Decision to relocate and sell downtown post office in Provo already a done deal?


The Postal Service is working behind the scenes on a deal to relocate the post office on 100 South in downtown Provo, Utah, and to sell the building to the Church of Jesus Christ of Latter-day Saints.

According to a news report in the Daily Herald, on Thursday of this week Postmaster General Megan Brennan visited the downtown post office, and last week representatives from the Postal Service and the office of Congressman Jason Chaffetz (R-Utah) were in Provo looking at potential locations for a new post office.

Chaffetz, who is the chair of the House committee that has oversight on postal issues, says he thinks Provo needs a new post office.

“That Post Office is tired,” Chaffetz told KUTV. “It’s an old building; problematic and it doesn’t fit in with our downtown renewal project. It needs to go. It can’t happen soon enough….  The Postal Service needs to stop ignoring this problem.  It’s a dilapidated building that doesn’t serve Provo well at all.”

MJ Henshaw, a spokeswoman for Chaffetz, added this: “We can’t confirm much for you because of ongoing negotiations.  We are working will all parties to try to resolve this and to get it done.”

The post office in Provo was built in 1960.  It’s located next door to the City Center Temple, which replaced the historic Provo Tabernacle after it was destroyed in a fire in 2010.

The Church of Jesus Christ of Latter-day Saints has been interested in buying the post office for several years.  Back in August 2013, the Postal Service acknowledged to the news media that it was negotiating with the LDS Church about the sale.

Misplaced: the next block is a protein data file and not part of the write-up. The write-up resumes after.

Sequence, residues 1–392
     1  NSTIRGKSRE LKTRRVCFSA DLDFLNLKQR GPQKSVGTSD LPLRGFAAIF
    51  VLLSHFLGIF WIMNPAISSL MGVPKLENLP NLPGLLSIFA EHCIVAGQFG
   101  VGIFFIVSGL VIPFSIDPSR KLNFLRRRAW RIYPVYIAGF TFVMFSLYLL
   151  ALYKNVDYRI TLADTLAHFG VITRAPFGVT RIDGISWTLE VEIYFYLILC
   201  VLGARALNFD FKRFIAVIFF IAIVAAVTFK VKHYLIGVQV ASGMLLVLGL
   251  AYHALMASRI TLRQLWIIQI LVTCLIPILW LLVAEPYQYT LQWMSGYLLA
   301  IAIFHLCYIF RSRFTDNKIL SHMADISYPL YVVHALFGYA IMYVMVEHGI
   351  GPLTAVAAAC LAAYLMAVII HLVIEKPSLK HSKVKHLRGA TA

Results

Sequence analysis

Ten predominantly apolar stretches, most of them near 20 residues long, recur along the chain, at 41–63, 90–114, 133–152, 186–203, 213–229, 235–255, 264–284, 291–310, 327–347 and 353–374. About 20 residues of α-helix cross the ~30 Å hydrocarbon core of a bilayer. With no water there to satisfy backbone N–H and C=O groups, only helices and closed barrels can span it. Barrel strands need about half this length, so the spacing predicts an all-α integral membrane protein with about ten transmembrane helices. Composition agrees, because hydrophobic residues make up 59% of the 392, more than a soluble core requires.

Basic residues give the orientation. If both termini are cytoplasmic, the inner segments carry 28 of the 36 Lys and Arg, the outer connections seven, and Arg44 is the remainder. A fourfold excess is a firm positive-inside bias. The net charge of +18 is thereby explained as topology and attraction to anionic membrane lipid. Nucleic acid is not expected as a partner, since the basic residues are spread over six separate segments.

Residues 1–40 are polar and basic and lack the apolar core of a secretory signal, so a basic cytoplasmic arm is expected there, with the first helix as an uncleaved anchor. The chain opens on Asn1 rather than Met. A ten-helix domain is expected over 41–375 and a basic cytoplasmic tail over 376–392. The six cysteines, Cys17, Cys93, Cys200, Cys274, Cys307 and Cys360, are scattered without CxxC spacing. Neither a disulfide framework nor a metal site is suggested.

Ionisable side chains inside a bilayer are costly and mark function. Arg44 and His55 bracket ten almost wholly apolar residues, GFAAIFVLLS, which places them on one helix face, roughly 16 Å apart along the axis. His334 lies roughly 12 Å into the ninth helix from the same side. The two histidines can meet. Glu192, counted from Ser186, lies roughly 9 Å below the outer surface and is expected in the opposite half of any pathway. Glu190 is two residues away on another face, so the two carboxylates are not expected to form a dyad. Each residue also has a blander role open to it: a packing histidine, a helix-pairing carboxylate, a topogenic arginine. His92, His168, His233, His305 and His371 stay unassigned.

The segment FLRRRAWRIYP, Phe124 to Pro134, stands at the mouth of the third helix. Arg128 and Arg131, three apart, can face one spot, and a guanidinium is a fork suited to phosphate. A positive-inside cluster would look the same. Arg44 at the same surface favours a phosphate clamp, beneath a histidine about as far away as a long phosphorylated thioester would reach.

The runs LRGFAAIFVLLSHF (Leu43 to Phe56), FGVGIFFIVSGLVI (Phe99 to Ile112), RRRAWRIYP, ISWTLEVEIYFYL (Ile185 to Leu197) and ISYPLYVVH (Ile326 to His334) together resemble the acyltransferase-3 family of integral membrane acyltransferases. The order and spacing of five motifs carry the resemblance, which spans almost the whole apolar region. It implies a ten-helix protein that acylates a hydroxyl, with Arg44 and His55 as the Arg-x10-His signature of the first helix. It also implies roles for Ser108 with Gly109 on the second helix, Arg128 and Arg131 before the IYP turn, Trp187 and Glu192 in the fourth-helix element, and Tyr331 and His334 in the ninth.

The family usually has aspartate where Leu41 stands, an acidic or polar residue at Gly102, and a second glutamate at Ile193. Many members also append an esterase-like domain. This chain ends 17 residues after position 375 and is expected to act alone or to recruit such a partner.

A week later, a USPS spokesperson reversed the announcement: “No office is for sale at this time,” he said. “There are no negotiations occurring with the Church of Jesus Christ of Latter-day Saints.”

It now looks like the deal may finally be coming together.  That may be good news for Provo, and it may be fine with the people who use the downtown post office, but they’re supposed to be part of the decision-making process.  Apparently the Postmaster General and Chairman Chaffetz have forgotten that the Postal Service is required by law to consult with the community before making any decisions about relocating a post office.

According to federal regulations (39 CFR 241.4 – “Expansion, relocation, and construction of post offices”), when a relocation is being contemplated, the Postal Service is supposed to solicit public comment by sending a representative to a regularly scheduled town meeting or holding its own public meeting.   A notice of the upcoming meeting is supposed to be sent to the media and posted in the post office, and the public is supposed to be given 30 days to comment after the meeting.  The community is also supposed to be given an opportunity to appeal any decision to relocate.

None of that has happened in Provo.  Instead, it looks as though the powers-that-be have already made the decision to relocate the post office and sell the building.  Once the negotiations are completed, the Postal Service will announce the “proposal” to the community and invite public comments.  You can imagine how much influence those comments will have on the final decision.  That’s not what the federal regulations are supposed to be about.

This is not a new problem, and it’s not unique to the Provo story.  Complaints about how the Postal Service conducts the relocation process have been widespread, leading to a September 2014 report on post office relocations by the USPS Office of Inspector General.

The OIG criticized the Postal Service for a lack of transparency in the process and found that “officials didn’t always efficiently manage the public notification and documentation process.”  One of the OIG’s recommendations was that the Postal Service should “revise regulations and guidelines to enhance transparency.”

Later in 2014, the Postal Service did revise its regulations, explaining that the new regulations would require the agency to “notify communities and officials, and solicit and consider their input, regarding proposals to relocate retail services or add a new retail services facility.”  The new regulations were intended to increase transparency and ensure that the Postal Service “solicits and considers the community’s input before making a final decision.”

(Photo credits: Post office in downtown Provo, Utah (Google street view); City Center Temple, next door to the PO)